SACRAMENTO, Calif., August 13, 2019 – Cushman & Wakefield’s research department has announced the findings from its second quarter 2019 office and industrial market reports for Sacramento. Below are key highlights from these reports plus additional local expert commentary:
Building upon a strong first quarter, Sacramento’s office market recorded 775,000 square feet (sf) of positive net absorption in the second quarter, bringing mid-year occupancy growth to nearly 900,000 sf.
Sacramento Office Net Absorption and Rent Trends
Will Austin, Cushman & Wakefield lead research analyst in Sacramento, said, “Sacramento’s continued economic growth bears out in the office market fundamentals. The region has recorded occupancy growth in excess of 100,000 sf in 11 of the past 13 quarters.”
He added, “A testament to the ongoing market strength, our midyear office occupancy growth total is nearly twice the level than we saw during the first half of 2018. Furthermore, Sacramento’s office growth is also coming from the majority of our region, as 15 of the total 20 office submarkets have reported gains so far this year.”
Office vacancy has fallen further into single digits, shedding 20 basis points (bps) during the quarter to 8.4%. Class A vacancy remains the tightest at 6.8%. Furthermore, in Downtown Class A vacancy was just 3.9%, its lowest point since the first quarter of 2008.
Sacramento Office Market Vacancy Trend
Sacramento’s Central Business District (CBD) reported a strong 87,000 sf of positive net absorption in the second quarter, while the suburban submarkets tallied 689,000 sf of growth. The Roseville/Rocklin and South Sacramento submarkets led all submarkets with 299,000 and 93,000 sf of growth, respectively.”
Cushman & Wakefield’s Ron Thomas, Executive Director and Managing Principal of the Sacramento Region, said, “Of significant note in downtown, WeWork signed a lease for 47,000 sf in at 400 Capitol Mall during the second quarter, and early into the third quarter the coworking operator has also recently agreed to another lease for 96,000 sf at 660 J St. in the Downtown Commons (DOCO) project jointly owned by JMA Ventures and the Sacramento Kings.”
Asking rates for office space continued to climb, closing mid-year at $1.94 per square foot full service, up $0.03 year-to-date and $0.06 from a year ago. Corresponding to the ultra-tight supply, Class A rates in downtown have risen sharply by $0.14 already this year to $3.18 psf.
Construction remains a major story in the office market, with active projects totaling 2.1 million sf. However, there still only remains only one active speculative project in the region, a three story, 90,000 sf project in South Natomas.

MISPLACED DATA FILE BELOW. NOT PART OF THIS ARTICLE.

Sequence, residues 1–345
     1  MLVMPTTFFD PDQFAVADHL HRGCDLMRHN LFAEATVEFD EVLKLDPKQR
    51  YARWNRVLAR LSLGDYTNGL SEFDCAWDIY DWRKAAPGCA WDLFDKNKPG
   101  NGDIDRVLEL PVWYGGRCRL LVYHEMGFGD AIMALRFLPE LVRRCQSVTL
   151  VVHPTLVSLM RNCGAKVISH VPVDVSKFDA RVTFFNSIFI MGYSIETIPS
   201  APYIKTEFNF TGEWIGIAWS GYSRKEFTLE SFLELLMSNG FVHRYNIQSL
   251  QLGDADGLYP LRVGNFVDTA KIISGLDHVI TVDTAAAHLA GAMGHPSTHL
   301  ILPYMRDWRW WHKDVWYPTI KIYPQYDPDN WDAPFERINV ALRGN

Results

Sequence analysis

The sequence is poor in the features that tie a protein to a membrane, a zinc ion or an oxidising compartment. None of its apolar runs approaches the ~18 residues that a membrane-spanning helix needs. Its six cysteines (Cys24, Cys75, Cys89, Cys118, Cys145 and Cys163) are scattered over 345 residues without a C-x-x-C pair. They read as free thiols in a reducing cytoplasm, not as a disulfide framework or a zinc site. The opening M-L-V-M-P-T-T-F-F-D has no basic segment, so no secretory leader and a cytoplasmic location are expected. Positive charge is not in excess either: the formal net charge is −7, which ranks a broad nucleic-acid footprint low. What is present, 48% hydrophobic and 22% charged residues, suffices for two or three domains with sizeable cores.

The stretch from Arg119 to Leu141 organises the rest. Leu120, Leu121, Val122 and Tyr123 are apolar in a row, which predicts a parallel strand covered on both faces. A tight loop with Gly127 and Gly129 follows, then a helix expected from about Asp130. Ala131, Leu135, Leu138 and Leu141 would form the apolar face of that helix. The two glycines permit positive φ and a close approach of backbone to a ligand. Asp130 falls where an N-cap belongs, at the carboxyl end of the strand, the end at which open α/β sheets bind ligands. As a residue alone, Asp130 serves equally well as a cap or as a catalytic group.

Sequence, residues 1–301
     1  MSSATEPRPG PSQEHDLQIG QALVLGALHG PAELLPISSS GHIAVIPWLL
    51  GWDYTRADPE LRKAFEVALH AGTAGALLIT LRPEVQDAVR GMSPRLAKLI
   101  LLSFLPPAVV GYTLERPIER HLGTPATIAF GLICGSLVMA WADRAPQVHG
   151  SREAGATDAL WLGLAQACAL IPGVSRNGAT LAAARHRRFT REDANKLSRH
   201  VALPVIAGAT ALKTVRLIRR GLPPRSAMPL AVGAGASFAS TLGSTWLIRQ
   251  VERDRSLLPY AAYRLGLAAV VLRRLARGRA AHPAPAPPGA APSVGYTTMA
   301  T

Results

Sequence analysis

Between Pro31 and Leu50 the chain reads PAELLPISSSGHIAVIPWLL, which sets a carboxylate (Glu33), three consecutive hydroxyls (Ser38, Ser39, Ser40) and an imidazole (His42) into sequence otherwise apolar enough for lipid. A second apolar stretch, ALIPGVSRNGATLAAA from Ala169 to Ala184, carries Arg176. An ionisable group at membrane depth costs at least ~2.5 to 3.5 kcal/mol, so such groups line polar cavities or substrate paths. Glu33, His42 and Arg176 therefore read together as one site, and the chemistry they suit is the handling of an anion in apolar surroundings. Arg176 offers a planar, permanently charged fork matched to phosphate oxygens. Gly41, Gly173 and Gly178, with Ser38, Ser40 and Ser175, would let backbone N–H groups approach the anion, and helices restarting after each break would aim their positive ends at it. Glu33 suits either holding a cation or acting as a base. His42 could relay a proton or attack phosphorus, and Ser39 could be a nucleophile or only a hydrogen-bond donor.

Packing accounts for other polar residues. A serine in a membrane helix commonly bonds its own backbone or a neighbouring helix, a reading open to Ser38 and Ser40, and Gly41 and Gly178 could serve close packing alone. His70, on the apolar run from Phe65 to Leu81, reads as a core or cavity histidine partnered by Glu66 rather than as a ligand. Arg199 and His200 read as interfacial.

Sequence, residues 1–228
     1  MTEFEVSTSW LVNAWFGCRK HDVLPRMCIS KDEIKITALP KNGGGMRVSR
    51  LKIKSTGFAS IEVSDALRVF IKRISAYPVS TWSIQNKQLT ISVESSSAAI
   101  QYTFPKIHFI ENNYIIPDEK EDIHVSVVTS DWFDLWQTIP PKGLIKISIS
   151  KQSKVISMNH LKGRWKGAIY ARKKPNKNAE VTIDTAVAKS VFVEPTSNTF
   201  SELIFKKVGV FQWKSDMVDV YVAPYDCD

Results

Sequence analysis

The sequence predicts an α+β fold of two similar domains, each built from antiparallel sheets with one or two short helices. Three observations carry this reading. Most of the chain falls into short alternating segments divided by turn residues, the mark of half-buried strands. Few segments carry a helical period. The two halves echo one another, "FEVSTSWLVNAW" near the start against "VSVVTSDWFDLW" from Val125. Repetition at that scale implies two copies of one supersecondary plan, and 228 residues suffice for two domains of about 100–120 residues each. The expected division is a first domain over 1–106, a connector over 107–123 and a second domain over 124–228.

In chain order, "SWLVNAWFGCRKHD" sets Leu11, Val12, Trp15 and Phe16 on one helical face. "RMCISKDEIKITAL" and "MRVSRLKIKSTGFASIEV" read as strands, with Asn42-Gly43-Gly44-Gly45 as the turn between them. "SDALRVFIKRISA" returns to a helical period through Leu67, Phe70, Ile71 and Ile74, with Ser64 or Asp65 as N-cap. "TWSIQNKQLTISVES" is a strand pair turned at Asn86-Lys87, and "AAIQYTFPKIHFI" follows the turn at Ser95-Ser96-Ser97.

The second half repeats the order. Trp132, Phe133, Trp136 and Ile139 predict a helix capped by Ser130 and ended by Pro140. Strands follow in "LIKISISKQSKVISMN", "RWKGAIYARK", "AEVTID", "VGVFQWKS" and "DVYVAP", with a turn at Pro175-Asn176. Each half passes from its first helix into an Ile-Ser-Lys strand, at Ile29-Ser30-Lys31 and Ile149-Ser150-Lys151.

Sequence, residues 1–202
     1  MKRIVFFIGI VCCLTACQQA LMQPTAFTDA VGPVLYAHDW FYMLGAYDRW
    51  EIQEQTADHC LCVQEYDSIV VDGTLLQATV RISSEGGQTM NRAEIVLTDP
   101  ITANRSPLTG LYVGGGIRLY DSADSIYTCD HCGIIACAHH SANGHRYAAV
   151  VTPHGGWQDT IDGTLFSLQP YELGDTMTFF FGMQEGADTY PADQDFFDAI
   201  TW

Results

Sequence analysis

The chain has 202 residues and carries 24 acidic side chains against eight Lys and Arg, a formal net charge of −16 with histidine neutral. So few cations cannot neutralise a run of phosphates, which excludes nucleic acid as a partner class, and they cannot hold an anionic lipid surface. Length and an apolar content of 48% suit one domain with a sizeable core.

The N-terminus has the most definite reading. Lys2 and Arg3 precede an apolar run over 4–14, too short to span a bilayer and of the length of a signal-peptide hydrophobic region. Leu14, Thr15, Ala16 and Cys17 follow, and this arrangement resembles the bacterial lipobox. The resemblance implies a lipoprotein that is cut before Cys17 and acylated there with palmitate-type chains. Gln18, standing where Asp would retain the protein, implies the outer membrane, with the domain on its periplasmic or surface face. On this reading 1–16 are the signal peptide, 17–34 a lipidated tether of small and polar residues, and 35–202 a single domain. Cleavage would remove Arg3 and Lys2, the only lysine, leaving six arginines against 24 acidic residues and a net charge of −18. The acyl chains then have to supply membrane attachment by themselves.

Thomas said, “Sacramento remains well positioned against risk as developers generally have not been willing to build on a purely speculative basis, insulating the market from excess supply. What is also important to note is that sublease space currently comprises just 2.5% of the total vacant space in the market.”
Thomas added, “Looking ahead, further office occupancy gains will be buoyed by build to suit construction completions for the balance of the year as vacancy rates continue to be pushed further into record territory.”
Driven by the sales of 300 Capitol and 1515 S. St in downtown, each trading for over $100 million, sales volume across Sacramento totaled $256 million in the second quarter. This added to the momentum from the first quarter to bring mid-year sales volume to $436 million. Sales are expected to accelerate rolling into the second half of the year.
Sacramento industrial vacancy ticked upward by 30 bps during the second quarter to 5.4%, largely due to the completion of two speculative buildings in West Sacramento totaling 407,000 square feet (sf). This marks the first time in the last 10 quarters that overall vacancy increased. Meanwhile, occupancy growth was virtually flat with just 1,000 sf of net absorption during the second quarter.
Will Austin said, “Industrial market fundamentals remain strong despite an increase in the vacancy rate and low net absorption numbers rate. As expected, such sustained levels of low vacancy has depressed net absorption figures for the time being—net absorption is still hindered by low vacancy, a large portion of which is accounted for by only two vacancies totaling 1.4 msf.”
Sacramento Industrial Market Trends
Ken Reiff, Managing Director specializing in the industrial sector for Cushman & Wakefield in Sacramento, said, “Importantly, and boding well ahead, is that while market-wide net absorption was down from prior quarters, gross leasing activity, or deals signed, actually rose quarter-over-quarter to 1.6 msf. Furthermore, West Sacramento, Woodland and Folsom/El Dorado Hills were able to post strong net absorption totals during the second quarter with 284,000sf, 99,000 sf and 93,000 sf, respectively.”
Reiff added, “The demand is definitely still here for industrial space, especially as rents remain significantly below markets such as the Bay Area for comparable space. In fact, during the second quarter, a significant tenant signed a lease for over 100,000 sf in a move that will bring its industrial operations from the Bay Area after housing those operations down there for decades.”
In terms of sales activity, nearly 667,000 sf of industrial properties sold in the second quarter, for $57 million in total consideration. Reiff noted, “Indicative of our ongoing healthy market fundamentals and desirability for Sacramento industrial product, the average price per square foot exceeded $80 psf for the second consecutive quarter, the first time that has happened since 2008.”
Austin forecasted, “For the balance of the year, expect an increase in industrial net absorption though the vacancy rate will likely tick upward as speculative construction is completed. Asking rates will likely rise as well as these new projects enter inventory.”